Today, with high-quality phone cameras readily accessible and the rise of online platforms for creators like YouTube, Instagram, Dribbble, and others, creative pursuits are becoming more and more readily available.
However, the flip side of this is that, with the hypersocialized and Twitterified world that we have today, it has never been easier for anyone to chime in and thoughtlessly criticize artists’ work. When anyone can be an armchair critic, becoming a creator can be an intimidating task.
And yet, it is often the work of artists, creators, and innovators that drive our culture, empathy, and societal conversation forward each day.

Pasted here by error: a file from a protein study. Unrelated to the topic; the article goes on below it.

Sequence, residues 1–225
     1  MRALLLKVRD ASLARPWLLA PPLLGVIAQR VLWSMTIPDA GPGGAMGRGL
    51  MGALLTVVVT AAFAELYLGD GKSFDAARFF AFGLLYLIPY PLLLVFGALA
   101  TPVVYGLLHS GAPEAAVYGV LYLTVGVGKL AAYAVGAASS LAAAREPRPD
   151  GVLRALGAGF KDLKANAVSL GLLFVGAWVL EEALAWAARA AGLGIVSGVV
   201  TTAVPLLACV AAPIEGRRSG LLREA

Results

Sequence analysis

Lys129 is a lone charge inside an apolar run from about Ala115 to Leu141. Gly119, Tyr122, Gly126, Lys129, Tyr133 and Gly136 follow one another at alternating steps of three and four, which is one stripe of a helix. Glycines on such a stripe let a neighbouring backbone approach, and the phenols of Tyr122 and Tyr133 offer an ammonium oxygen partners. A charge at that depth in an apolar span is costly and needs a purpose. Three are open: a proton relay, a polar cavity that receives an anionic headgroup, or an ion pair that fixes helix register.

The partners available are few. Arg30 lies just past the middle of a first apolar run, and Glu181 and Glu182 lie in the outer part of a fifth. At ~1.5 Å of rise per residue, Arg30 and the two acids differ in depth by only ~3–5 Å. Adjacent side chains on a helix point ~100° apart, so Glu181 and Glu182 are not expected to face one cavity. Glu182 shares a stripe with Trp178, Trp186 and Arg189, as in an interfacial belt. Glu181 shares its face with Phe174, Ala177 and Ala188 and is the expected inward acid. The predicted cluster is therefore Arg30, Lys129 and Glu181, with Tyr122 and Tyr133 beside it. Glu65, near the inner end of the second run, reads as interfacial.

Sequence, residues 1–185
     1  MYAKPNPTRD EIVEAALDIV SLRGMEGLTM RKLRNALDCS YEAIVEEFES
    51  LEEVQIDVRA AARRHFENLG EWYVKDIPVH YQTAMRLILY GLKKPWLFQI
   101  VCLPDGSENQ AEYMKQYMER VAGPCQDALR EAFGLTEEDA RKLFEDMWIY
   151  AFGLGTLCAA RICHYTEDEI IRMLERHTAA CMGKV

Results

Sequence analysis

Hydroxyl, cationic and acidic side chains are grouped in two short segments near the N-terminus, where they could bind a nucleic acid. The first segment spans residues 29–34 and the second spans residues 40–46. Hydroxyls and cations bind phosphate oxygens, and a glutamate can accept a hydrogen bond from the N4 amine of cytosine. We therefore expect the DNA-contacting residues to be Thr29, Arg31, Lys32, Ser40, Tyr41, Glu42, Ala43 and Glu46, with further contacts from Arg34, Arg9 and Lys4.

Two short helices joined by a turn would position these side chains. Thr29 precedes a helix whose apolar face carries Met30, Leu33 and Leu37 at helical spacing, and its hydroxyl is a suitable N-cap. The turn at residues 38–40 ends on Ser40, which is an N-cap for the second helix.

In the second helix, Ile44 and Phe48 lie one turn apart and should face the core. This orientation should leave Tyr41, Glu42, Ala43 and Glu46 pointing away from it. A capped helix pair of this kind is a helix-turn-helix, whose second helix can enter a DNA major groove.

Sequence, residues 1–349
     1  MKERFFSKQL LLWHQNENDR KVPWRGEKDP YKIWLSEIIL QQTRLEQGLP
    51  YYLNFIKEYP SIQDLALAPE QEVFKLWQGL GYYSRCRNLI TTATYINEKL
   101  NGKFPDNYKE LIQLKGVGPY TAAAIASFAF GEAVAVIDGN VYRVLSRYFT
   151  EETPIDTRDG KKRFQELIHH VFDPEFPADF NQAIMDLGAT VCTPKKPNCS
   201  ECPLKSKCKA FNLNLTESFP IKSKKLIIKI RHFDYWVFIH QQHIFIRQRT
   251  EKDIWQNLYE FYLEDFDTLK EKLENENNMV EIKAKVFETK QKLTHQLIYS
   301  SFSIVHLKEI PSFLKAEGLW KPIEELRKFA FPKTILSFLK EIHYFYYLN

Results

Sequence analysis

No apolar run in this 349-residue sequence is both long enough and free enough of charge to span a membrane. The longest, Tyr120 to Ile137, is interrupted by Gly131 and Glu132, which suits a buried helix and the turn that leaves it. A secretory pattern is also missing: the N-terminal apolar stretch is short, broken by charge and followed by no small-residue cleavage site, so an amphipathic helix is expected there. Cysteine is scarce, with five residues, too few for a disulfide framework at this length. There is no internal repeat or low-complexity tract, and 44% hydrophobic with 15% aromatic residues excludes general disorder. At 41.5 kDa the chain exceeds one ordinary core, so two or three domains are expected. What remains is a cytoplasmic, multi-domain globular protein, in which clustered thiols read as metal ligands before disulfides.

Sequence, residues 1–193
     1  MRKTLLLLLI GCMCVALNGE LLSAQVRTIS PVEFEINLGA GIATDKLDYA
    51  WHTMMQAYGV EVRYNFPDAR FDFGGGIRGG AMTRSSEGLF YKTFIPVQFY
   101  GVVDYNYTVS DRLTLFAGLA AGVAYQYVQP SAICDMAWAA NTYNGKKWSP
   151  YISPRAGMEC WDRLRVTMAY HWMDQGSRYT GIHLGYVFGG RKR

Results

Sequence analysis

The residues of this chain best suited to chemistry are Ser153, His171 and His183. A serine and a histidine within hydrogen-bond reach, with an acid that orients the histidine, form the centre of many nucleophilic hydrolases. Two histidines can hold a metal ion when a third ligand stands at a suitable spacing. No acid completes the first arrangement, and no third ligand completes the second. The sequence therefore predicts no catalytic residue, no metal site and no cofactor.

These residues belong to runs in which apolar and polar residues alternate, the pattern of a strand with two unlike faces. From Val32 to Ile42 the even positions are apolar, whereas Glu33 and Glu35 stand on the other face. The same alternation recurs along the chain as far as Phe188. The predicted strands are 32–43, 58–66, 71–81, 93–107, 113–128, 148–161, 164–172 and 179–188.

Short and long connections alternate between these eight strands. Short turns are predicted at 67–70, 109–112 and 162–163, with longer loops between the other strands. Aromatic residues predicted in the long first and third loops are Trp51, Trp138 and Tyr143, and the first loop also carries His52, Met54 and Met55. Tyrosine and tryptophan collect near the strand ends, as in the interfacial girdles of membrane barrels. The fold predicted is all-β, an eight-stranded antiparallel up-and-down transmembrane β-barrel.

Students with strong exposure to the visual and performing arts are more likely to achieve better grades, graduate university, volunteer, vote, engage with local politics, read the newspaper, and more.
Despite this, arts programs continue to go underfunded.
My mother, Kim Beneschott, is an amazing watercolor artist. She has faced many hardships throughout her life, but instead of allowing anything to drag her down, she has always channeled her energy into creative pursuits and a powerful career as a school psychologist and educator with the most generous, kind heart you can imagine.
She never hesitates to give her time and support to anyone who needs it, and to this day I still get contacted by people who tell me what a positive effect she’s had on them.
She recently returned to her passion for art, and I couldn’t be more proud of her. Her kindness, generosity, and creative spirit is the inspiration for this scholarship.